In an article published in Cancer, Hanna J. Khoury from Emory University School of Medicine, Atlanta, Georgia, and colleagues discussed results from their multicenter, open-label phase II study (NCT00510133), which evaluated the safety, feasibility, and efficacy of Human Telomerase Reverse Transcriptase (hTERT)-expressing Autologous Dendritic Cells (hTERT-DCs) vaccine in adult Acute Myeloid Leukemia (AML) patients.
In total, twenty-one patients (median age = 58 years) with intermediate-risk or high-risk AML either in first or second Complete Remission (CR, n = 19) or had early disease recurrence (n =2) received ≥ 3 doses of hTERT-DC vaccine.
The key results of the study were:
- Grade ≥ 3 Adverse Events (AEs) occurred in 29% (6/21) of patients who received hTERT-DC treatment
- One patient receiving hTERT-DC vaccine developed a grade 4 idiopathic thrombocytopenic purpura
- 58% (11/19) of patients receiving hTERT-DC vaccinations at CR developed positive hTERT T-cell response at ≥ 1 time point after administration
- hTERT specific T-cell responses significantly targeted peptides with low binding affinity for Human Leukocyte Antigen (HLA) compared to peptides with high affinity for HLA
- At median follow up of 52 months, 58% of patients in CR (11/19) were free from disease recurrence
- 57% of the patients in CR who were aged ≥ 60 years (4/7) at the time of administration of hTERT-DC vaccine were free of disease recurrence at a median follow-up of 54 months
The authors concluded by stating that “the generation of hTERT-DCs is feasible and vaccination with hTERT-DCs appears to be safe and may be associated with favorable recurrence-free survival” in high-risk patients with AML.
Telomerase activity in leukemic blasts frequently is increased among patients with high-risk acute myeloid leukemia (AML). In the current study, the authors evaluated the feasibility, safety, immunogenicity, and therapeutic potential of human telomerase reverse transcriptase (hTERT)-expressing autologous dendritic cells (hTERT-DCs) in adult patients with AML.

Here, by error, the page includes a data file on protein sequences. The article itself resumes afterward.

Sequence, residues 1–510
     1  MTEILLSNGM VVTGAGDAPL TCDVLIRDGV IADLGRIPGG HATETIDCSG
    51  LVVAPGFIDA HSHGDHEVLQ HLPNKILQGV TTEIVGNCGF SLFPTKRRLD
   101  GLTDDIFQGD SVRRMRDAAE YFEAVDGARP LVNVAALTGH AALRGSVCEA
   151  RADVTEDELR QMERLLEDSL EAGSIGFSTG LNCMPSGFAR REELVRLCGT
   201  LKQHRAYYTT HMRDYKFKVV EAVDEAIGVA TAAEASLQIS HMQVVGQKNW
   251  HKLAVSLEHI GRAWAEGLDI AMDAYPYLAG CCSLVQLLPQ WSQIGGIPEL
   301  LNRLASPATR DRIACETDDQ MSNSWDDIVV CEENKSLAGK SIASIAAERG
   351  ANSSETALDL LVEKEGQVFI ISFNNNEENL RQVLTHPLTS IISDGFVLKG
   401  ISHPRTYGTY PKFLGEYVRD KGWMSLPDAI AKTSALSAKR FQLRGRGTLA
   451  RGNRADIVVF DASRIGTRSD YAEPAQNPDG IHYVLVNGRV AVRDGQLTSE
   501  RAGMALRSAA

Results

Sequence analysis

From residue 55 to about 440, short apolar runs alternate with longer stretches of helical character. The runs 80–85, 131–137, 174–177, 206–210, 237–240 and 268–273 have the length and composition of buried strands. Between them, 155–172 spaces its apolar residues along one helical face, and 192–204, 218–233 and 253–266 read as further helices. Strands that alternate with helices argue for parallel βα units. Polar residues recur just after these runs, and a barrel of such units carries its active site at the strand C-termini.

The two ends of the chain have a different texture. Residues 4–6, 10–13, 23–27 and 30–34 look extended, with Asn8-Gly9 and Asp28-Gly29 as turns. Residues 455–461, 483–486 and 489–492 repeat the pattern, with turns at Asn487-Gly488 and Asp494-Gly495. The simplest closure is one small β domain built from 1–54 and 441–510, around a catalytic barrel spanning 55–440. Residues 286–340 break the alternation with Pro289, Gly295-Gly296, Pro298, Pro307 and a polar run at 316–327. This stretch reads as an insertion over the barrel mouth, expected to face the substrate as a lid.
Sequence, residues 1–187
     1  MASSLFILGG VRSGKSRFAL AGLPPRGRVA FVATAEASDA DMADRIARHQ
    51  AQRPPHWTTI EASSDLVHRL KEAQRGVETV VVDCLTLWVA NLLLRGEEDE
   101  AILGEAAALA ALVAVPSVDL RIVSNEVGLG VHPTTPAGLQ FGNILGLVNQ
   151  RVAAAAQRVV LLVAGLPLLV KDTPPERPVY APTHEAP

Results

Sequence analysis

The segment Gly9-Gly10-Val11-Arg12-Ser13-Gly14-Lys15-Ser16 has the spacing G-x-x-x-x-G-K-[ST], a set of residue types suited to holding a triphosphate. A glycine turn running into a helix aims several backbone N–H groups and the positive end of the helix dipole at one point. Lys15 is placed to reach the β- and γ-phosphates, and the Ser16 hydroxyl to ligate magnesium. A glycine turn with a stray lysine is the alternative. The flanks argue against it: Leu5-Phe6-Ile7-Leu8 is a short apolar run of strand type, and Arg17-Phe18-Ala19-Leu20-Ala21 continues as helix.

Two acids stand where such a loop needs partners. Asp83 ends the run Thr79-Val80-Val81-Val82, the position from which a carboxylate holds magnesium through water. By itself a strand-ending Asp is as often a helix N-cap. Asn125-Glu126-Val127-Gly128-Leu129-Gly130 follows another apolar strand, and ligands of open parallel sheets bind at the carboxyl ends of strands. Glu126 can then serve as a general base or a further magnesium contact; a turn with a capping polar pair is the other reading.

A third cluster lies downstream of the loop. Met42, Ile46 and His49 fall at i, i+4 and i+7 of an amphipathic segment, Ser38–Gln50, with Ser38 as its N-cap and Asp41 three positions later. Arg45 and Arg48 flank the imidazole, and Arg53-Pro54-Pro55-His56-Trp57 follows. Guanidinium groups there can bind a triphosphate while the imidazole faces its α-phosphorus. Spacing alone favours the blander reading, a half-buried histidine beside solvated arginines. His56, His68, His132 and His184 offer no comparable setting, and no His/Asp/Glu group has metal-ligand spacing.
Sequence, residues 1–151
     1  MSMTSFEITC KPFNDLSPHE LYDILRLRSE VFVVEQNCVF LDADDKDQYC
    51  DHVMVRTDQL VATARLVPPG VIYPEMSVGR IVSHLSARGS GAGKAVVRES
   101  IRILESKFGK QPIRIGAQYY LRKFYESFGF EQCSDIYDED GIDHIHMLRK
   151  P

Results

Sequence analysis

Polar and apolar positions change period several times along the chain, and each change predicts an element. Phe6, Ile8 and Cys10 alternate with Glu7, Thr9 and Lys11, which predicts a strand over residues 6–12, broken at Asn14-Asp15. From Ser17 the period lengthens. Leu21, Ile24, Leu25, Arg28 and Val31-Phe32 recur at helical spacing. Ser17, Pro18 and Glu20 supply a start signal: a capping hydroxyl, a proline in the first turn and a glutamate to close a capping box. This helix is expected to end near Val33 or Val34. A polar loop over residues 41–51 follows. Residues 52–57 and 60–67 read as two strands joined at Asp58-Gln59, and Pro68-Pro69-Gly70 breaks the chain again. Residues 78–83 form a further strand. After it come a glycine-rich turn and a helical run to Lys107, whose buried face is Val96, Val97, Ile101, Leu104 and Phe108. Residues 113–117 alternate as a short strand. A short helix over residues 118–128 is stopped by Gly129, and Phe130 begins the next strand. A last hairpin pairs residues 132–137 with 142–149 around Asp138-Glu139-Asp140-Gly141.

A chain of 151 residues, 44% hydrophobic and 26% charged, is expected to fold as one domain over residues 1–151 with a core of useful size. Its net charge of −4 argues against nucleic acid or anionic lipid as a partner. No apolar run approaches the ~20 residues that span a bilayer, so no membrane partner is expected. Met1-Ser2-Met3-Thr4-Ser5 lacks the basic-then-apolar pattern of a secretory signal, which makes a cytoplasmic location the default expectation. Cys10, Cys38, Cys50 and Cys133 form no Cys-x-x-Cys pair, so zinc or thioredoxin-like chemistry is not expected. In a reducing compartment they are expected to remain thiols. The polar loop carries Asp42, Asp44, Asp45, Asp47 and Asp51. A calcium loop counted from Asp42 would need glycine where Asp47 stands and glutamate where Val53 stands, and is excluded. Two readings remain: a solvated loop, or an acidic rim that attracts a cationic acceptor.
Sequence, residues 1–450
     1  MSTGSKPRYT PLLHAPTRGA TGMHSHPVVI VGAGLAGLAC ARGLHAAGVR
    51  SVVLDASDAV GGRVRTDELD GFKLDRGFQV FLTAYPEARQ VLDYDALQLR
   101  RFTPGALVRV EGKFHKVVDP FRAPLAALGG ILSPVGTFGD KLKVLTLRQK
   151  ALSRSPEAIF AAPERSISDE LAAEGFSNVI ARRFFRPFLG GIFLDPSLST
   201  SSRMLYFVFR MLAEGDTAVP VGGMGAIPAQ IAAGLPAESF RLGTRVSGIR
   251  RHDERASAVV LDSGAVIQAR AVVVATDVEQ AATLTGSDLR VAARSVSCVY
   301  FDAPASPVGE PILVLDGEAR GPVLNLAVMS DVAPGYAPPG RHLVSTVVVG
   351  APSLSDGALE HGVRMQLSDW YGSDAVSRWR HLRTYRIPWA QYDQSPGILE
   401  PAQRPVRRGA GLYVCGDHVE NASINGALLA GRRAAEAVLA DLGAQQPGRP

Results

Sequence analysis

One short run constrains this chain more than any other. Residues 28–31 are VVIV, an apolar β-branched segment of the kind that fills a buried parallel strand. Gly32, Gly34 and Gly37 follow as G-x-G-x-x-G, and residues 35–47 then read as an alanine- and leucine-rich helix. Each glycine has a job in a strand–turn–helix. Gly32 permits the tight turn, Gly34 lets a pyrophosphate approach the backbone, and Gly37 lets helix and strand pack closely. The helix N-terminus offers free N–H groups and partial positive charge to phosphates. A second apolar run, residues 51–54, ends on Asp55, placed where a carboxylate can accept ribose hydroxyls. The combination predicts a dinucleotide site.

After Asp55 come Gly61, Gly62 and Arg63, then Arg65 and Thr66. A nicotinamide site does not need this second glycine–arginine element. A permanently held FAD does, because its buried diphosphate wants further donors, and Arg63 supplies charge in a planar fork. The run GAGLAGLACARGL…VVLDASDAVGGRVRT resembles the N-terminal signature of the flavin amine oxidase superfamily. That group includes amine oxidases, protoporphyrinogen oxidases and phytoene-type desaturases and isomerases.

hTERT-DCs were produced from patient-specific leukapheresis, electroporated with an mRNA-encoding hTERT and a lysosomal-targeting sequence, and cryopreserved. A total of 22 patients with a median age of 58 years (range, 30-75 years) with intermediate-risk or high-risk AML in first or second complete remission (CR) were enrolled. hTERT-DCs were generated for 24 patients (73%). A median of 17 intradermal vaccinations (range, 6-32 intradermal vaccinations) containing 1×107 cells were administered as 6 weekly injections followed by 6 biweekly injections. A total of 21 patients (16 in first CR, 3 in second CR, and 2 with early disease recurrence) received hTERT-DCs.
hTERT-DCs were well tolerated with no severe toxicities reported, with the exception of 1 patient who developed idiopathic thrombocytopenic purpura. Of the 19 patients receiving hTERT-DCs in CR, 11 patients (58%) developed hTERT-specific T-cell responses that primarily were targeted toward hTERT peptides with predicted low human leukocyte antigen (HLA)-binding affinities. With a median follow-up of 52 months, 58% of patients in CR (11 of 19 patients) were free of disease recurrence at the time of their last follow-up visit; 57% of the patients who were aged ≥60 years (4 of 7 patients) also were found to be free of disease recurrence at a median follow-up of 54 months.
The generation of hTERT-DCs is feasible and vaccination with hTERT-DCs appears to be safe and may be associated with favorable recurrence-free survival.